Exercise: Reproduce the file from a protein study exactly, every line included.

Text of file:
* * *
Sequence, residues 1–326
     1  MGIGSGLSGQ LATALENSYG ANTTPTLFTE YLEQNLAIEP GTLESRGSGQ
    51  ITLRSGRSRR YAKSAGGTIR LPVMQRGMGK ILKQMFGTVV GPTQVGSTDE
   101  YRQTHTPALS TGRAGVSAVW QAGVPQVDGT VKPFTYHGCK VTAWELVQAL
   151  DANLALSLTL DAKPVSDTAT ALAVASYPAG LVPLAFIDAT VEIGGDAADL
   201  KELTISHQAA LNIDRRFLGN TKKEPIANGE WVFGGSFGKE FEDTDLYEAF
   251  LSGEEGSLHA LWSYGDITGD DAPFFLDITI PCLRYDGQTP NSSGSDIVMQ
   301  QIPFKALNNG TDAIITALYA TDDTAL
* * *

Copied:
Sequence, residues 1–326
     1  MGIGSGLSGQ LATALENSYG ANTTPTLFTE YLEQNLAIEP GTLESRGSGQ
    51  ITLRSGRSRR YAKSAGGTIR LPVMQRGMGK ILKQMFGTVV GPTQVGSTDE
   101  YRQTHTPALS TGRAGVSAVW QAGVPQVDGT VKPFTYHGCK VTAWELVQAL
   151  DANLALSLTL DAKPVSDTAT ALAVASYPAG LVPLAFIDAT VEIGGDAADL
   201  KELTISHQAA LNIDRRFLGN TKKEPIANGE WVFGGSFGKE FEDTDLYEAF
   251  LSGEEGSLHA LWSYGDITGD DAPFFLDITI PCLRYDGQTP NSSGSDIVMQ
   301  QIPFKALNNG TDAIITALYA TDDTAL